If your mother paid into FERS during the last 60 months of her employment at the Postal Service, she would be eligible for a spousal benefit on your father’s record, Meyer says. If your mother didn’t pay into FERS those last 60 months, the government pension offset would apply and would reduce or eliminate any spousal benefit.

That option should have been explored when your parents applied for their Postal Service retirement benefits, Meyer says. Social Security also would have looked into it as part of your father’s application process. If she’s not receiving a Social Security spousal benefit, she probably didn’t switch to FERS and did not pay into Social Security during the last 60 months of her employment at the Postal Service, Meyer says.

Q&A: How Social Security child benefits work

Dear Liz: I am drawing Social Security and my daughter just turned 18. Will she lose her Social Security and can I claim my wife in her place?

Answer:
Child benefits, which is what your daughter receives, are designed to help the dependent minor children of Social Security recipients who are retired, disabled or deceased.

If your daughter is still a full-time high school student, then her child benefit can continue until she graduates or turns 19, whichever comes first. Otherwise the benefit typically ends at 18. (A child 18 and over with a disability can continue to get child benefits, as long as the disability started before age 22.)

Child benefits are only for the unmarried children of Social Security recipients, so obviously your wife doesn’t qualify. She may be eligible for her own Social Security benefit if she’s at least 62, or a spousal benefit based on your work record if that’s larger than her own benefit. AARP has a free Social Security claiming calculator that could help her sort through her options.

Q&A: Social Security is insurance

Dear Liz: My wife died in March 2020. I receive nothing from her Social Security (other than $255) and will receive only a portion of mine due to the windfall elimination provision. Is there anything I can do since I am receiving none of what she paid into Social Security and only a fraction of mine?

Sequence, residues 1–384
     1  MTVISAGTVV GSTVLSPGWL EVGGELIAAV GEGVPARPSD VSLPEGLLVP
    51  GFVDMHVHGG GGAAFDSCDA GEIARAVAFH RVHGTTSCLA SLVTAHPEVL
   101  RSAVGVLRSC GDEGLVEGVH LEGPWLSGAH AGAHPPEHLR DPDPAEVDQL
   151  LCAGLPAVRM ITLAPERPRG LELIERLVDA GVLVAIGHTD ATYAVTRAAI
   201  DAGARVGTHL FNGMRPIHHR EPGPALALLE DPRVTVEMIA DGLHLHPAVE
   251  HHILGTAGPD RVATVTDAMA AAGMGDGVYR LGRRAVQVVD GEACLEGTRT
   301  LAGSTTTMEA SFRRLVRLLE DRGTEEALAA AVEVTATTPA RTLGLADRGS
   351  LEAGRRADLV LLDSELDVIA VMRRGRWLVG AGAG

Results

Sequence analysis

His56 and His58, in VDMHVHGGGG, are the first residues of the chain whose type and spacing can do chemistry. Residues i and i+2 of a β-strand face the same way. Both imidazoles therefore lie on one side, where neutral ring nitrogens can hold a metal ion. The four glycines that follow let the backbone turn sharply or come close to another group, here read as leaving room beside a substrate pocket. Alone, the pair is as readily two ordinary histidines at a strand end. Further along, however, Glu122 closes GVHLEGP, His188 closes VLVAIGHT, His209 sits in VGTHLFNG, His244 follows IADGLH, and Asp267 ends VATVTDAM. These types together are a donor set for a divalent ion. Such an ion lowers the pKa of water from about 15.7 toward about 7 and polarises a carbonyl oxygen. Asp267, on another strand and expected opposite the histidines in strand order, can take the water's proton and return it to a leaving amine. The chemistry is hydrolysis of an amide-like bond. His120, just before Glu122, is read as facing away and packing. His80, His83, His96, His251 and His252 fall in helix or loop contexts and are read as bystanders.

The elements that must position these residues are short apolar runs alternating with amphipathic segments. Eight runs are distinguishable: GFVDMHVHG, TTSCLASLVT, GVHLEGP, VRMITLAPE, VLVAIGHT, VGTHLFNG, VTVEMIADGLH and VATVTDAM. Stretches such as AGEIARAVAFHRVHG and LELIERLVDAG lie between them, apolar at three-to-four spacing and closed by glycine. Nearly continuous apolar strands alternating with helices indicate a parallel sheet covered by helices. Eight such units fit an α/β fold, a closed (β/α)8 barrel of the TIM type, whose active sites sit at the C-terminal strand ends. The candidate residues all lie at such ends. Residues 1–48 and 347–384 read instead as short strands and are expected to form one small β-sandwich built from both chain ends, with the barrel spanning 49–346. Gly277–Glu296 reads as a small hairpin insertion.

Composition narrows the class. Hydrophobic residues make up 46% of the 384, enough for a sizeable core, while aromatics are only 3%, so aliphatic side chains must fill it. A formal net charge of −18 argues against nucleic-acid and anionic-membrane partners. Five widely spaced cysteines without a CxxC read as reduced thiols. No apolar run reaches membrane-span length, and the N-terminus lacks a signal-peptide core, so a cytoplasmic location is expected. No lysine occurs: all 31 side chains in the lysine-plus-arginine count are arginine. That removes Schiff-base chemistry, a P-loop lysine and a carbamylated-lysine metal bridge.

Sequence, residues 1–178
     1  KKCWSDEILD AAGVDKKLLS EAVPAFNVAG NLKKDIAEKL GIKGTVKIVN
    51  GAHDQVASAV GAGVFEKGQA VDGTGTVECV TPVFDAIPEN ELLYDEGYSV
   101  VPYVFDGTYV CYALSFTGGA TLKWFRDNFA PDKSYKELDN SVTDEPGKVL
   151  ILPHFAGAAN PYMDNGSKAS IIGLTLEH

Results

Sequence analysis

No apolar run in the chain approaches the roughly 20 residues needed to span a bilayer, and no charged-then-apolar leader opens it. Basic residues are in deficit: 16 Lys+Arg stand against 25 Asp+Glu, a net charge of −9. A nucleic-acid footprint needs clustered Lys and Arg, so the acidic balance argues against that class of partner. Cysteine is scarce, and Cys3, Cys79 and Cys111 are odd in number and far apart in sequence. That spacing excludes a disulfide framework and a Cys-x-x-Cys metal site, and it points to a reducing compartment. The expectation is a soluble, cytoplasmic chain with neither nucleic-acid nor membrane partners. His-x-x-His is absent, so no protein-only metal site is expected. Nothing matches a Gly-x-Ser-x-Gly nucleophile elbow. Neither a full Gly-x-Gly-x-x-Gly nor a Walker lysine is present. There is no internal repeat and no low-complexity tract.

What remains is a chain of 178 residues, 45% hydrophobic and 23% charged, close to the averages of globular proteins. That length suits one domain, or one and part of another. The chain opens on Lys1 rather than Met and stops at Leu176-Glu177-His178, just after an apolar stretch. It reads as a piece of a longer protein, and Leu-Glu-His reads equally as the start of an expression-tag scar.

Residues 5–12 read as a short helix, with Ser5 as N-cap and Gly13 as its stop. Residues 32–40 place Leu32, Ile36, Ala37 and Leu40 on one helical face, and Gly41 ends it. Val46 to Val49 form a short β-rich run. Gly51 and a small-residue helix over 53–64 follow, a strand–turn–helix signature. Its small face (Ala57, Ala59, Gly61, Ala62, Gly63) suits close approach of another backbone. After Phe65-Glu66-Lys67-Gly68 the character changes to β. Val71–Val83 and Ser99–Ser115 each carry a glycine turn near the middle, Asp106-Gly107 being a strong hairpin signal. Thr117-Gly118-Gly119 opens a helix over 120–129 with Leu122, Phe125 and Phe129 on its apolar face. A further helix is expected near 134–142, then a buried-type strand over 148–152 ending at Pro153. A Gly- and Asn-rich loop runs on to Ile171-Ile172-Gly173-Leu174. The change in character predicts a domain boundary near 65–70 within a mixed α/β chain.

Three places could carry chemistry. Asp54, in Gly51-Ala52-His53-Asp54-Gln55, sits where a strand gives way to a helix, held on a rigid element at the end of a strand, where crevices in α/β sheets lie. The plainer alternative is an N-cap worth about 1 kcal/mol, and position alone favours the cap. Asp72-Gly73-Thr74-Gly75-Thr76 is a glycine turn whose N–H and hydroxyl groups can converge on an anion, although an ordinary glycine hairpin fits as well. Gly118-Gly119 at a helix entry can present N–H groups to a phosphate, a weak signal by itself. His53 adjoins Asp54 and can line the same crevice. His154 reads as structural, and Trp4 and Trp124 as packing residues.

Answer:
In a word, no. If you’re receiving a pension from a job that didn’t pay into Social Security, the government pension offset reduces any Social Security survivor or spousal benefit by two-thirds of the amount of your pension. If two-thirds of the amount of your pension is greater than your survivor benefit, you don’t get a survivor benefit.

Is that an outrage? Perhaps, if you think that Social Security should act like a retirement account. In reality, it’s insurance. (The formal name for Social Security is Old Age, Survivors and Disability Insurance.)

With a retirement account, what you take out usually bears some relationship to what you put in. With insurance, that’s not necessarily the case. You may take out more than you put in, less or nothing at all.

Many people pay Social Security taxes for decades but ultimately get more from a spousal or survivor benefit than from their own work record. Then there are those, like you, who have their retirement benefit reduced, or a survivor benefit eliminated, because they have a generous pension from a government job that didn’t pay into the Social Security system. In these cases, it can feel like the Social Security taxes paid — the “premiums,” if you will — have been wasted even if financially you’ve come out ahead.

Q&A: Social Security and government pensions

Dear Liz: You recently mentioned the windfall elimination provision that affects pensions from jobs that don’t pay into Social Security. I’m wondering what those jobs are. Are they just part of the gig economy, or is there some other category of jobs that don’t pay into Social Security?